Their romance flourished, although it was kept quiet; she moved into his London flat after her home was damaged in an air raid. The couple were desperate to marry, but in 1947 Bertil's eldest brother and heir to the throne, Crown Prince Gustaf Adolph, died in a plane crash, leaving an infant son, Crown Prince Carl Gustaf, who would one day inherit the throne.
This turn of events left Bertil next in line until his infant nephew came of age. Bertil's two other brothers had already relinquished their places in the line of succession by marrying commoners. Consequently King Gustaf VI Adolph refused to give his blessing to a marriage between Bertil and Lilian, so as not to jeopardise the future of the monarchy and the survival of the Bernadotte dynasty. If Bertil had chosen to shirk his responsibilities and waive his rights to serve as Regent, if required, and marry a commoner, it could have sparked a constitutional crisis.
The couple lived together in Sainte-Maxime in France until 1957, when they moved to Sweden to live discreetly, although their relationship was an open secret in Stockholm society. They were seen together at Stockholm nightspots but on official occasions she remained in the shadows.
Her first public appearance with him was in 1972, at the 90th birthday celebration of King Gustav VI, who had developed a personal liking for her. She became a well-known figure in international society, and she and Bertil were frequently photographed at their villa in the south of France, playing golf and riding around on his motorbike, for magazines such as Point de Vue. She was noted for her practical jokes and her joie de vivre.
The couple remained together until Bertil's death in 1997, having finally been allowed to marry in 1976, following the ascension to the throne in 1973 of King Carl Gustaf. Now aged 64, the groom married 61-year-old Lilian at the Drottningholm Palace Chapel outside Stockholm; they honeymooned in Kenya and at their French villa. Their only regret was that they had not had children together.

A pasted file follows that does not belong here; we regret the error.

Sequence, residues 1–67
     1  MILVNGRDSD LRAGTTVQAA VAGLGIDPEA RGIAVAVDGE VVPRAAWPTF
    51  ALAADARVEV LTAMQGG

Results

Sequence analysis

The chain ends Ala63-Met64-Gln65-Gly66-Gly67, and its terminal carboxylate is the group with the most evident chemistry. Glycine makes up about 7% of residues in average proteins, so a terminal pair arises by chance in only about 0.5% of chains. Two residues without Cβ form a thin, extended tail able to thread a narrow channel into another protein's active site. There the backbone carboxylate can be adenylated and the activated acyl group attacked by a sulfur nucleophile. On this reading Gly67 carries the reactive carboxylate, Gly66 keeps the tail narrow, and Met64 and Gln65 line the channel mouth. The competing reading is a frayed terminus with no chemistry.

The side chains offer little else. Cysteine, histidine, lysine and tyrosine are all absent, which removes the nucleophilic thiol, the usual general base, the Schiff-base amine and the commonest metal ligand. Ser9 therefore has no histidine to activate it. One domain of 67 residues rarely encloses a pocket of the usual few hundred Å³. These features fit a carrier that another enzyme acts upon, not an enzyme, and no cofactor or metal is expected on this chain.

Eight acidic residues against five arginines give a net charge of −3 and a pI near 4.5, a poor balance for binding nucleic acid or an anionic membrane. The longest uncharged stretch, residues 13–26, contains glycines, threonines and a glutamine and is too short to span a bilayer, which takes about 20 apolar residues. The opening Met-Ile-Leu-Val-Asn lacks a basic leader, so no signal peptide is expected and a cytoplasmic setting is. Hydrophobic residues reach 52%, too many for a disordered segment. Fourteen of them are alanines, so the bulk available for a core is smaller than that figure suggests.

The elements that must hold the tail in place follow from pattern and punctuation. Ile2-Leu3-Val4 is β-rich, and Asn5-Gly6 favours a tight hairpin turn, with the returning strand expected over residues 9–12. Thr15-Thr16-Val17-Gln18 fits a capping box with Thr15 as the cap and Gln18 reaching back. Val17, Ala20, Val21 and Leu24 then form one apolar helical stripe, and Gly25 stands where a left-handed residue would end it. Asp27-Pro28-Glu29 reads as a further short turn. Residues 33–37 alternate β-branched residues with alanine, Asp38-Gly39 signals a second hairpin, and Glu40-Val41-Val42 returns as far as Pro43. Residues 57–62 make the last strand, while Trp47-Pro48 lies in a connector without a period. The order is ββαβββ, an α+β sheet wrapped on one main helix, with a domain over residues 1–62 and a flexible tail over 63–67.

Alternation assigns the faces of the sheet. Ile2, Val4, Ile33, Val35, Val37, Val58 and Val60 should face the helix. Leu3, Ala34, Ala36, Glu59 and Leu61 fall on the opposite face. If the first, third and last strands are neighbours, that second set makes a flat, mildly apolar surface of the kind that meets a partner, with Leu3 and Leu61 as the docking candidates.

Lilian threw herself into her royal duties, including attending the Nobel Prize ceremony from 1976 until 2005, when at 91 she decided she was too old – although that same year she attended a flamenco festival at the House of Dance and a dinner at Nalen. Following the death of Bertil she had continued to undertake royal engagements and to support many of her husband's causes. Inevitably she was asked for the secret of her longevity. She replied, "I think that the work, and particularly the laughter, keeps me somewhat young in mind. I don't do gymnastics or exercise. But I do feel the same wish to help as my husband did."
Embraced by a nation and adored by all generations of the Royal family, Lilian remained supremely stylish. She retired from public life in 2010 due to poor health and had latterly suffered from Alzheimer's.
HRH Princess Lilian of Sweden: born Swansea 30 August 1915; married 1940 Ivan Craig (divorced 1945; died 1995), 1976 Prince Bertil (died 1997); died Stockholm 10 March 2013.